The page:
To limit our analysis of the Anti-Drug Abuse Act of 1986 to a narrow discussion of the cocaine/crack disparity would be a mistake. The legacy of this omnibus package extends much wider than our nation’s poorly kept secret of racially inequitable mass incarceration. In addition to warehousing scores of nonviolent offenders for extraordinarily long periods of time, the legislation created other new problems rooted in reforms to forfeiture law and the Freedom of Information Act. Prior to 1986 forfeiture had a place in law enforcement. Agencies were allowed to cover expenses directly incurred in specific investigations with proceeds from drug seizures. The Anti-Drug Abuse Act of 1986 offered a dangerous expansion of forfeiture law, now allowing enforcement agencies to reinvest all the proceeds from forfeiture back into agency coffers, “for equipping drug law enforcement functions.” This now meant that cars, houses, personal effects, cash, drugs, and even businesses could be re-purposed by the DEA or other law enforcement agencies. Thanks to this expansion, the federal government now holds ownership rights to scores of lavish vacation homes, restaurants, strip clubs, recording studios, and even private jets. By allowing enforcement agencies to keep all proceeds, we have unduly incentivized arrests and seizures for drug warriors.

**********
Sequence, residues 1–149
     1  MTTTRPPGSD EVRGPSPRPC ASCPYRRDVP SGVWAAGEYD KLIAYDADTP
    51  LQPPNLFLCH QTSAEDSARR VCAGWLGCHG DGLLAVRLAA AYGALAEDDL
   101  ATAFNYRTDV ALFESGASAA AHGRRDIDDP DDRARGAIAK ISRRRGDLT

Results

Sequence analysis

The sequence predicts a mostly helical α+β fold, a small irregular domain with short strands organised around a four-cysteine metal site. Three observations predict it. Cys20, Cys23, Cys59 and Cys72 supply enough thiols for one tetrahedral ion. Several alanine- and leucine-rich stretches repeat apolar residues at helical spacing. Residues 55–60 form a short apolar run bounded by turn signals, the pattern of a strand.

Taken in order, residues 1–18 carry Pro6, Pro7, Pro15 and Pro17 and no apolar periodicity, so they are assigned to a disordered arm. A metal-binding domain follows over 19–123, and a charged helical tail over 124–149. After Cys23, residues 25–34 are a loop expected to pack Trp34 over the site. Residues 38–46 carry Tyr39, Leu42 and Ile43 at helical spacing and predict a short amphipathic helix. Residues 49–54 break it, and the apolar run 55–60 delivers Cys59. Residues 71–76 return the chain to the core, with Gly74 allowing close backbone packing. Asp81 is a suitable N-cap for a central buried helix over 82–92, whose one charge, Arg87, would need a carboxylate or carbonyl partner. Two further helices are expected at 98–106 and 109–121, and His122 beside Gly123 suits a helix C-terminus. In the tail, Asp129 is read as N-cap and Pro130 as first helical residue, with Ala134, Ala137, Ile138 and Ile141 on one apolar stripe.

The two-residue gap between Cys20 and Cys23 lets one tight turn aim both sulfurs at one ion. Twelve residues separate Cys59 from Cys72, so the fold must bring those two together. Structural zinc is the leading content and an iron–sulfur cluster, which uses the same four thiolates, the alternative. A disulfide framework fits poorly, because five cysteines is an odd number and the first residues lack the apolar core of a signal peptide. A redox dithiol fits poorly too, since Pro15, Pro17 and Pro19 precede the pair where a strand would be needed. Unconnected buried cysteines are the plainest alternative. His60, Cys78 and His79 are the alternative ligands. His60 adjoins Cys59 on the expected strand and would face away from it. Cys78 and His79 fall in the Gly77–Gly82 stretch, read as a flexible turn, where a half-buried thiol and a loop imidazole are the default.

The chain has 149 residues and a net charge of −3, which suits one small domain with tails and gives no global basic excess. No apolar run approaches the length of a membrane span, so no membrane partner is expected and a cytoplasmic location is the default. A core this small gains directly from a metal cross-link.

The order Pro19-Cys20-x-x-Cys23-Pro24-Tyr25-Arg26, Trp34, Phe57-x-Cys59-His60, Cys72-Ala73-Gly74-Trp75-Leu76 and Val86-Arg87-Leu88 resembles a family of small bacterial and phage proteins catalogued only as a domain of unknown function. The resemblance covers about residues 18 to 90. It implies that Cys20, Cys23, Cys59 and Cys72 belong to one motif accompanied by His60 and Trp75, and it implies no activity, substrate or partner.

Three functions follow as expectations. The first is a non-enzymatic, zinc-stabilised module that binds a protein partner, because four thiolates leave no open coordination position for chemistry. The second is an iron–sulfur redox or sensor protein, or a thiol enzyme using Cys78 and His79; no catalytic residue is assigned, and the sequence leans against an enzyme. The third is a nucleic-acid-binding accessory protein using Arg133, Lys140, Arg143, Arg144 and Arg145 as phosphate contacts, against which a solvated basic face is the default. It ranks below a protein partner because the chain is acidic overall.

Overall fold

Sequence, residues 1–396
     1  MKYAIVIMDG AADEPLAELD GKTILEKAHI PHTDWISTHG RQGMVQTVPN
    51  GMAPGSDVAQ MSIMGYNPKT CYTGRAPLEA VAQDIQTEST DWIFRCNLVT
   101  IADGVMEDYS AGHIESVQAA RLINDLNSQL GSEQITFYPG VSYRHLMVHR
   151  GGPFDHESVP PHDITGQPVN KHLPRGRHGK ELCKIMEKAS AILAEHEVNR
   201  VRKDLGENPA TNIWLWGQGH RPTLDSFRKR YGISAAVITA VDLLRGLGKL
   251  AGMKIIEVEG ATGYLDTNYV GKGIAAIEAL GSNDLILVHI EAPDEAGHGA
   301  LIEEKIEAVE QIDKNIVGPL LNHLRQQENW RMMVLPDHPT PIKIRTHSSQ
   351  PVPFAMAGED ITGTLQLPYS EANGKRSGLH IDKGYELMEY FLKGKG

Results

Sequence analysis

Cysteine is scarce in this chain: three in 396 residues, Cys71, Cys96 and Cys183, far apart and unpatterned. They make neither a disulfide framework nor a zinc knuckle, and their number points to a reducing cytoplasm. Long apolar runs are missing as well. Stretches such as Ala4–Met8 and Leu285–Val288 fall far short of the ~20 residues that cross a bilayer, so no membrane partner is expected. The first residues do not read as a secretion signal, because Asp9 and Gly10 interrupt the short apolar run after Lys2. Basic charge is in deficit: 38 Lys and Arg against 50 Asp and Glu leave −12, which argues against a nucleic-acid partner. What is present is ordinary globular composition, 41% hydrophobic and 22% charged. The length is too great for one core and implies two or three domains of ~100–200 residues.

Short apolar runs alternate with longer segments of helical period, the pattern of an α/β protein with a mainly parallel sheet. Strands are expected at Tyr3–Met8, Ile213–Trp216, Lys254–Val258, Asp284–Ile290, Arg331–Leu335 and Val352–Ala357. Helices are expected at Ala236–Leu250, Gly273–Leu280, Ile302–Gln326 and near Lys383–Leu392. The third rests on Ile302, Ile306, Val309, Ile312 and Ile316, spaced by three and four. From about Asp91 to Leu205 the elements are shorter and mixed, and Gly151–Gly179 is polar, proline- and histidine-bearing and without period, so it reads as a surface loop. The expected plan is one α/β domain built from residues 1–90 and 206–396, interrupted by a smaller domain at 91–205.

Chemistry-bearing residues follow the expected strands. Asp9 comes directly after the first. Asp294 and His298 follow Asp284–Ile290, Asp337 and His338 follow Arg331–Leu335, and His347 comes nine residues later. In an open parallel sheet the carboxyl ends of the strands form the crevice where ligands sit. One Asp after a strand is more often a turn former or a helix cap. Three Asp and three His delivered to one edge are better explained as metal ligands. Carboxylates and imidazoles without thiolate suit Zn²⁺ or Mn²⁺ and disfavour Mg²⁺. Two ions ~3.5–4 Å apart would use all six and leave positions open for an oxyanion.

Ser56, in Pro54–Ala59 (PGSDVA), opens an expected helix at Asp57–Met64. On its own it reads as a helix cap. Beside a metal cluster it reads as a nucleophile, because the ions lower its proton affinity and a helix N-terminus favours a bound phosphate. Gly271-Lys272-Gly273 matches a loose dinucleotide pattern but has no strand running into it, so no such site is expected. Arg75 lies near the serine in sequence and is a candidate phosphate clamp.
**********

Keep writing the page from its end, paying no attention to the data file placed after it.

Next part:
Another major problem can be found in an amendment to the Freedom of Information Act which makes law enforcement largely exempt from standards designed to foster transparency. Language in the bill is quite vague, allowing for various justifications to exempt law enforcement. Perhaps the most frequently invoked is the exemption for any cases involving confidential informants. In a recent post, I treated this issue, noting the frequent reckless endangerment of underage and nonviolent informants, as well as the uncertain scope of the problem. While judges, prosecutors, defense attorneys, and some law enforcement officials have all conceded that the use of confidential informants is big, dangerous business; we do not have any concrete facts or figures. This is precisely because cases using confidential informants were made explicitly exempt by a Freedom of Information Act amendment built into the Anti-Drug Abuse Act of 1986.
This, however, only begins to explain the problem. Facing new and daunting mandatory minimums, drug offenders were only offered one way out under the Act—they could provide “substantial assistance” in another drug investigation. Now, prosecutors and law enforcement could threaten couriers and low-level dealers and addicts with lengthy sentences to elicit their cooperation. Moreover, they could now—under the auspices of new legislation—offer the offenders significant sums of money supplied by taxpayers for snitching. As you might imagine, this led to a massive expansion in the use of informants. Those removed from city streets and the hallways of police stations and courthouses have not likely noticed this development. Citizens of poor urban communities have. T-shirts, placards, bumper stickers, and underground DVD’s floating around said communities all admonish us to “stop snitchin’.”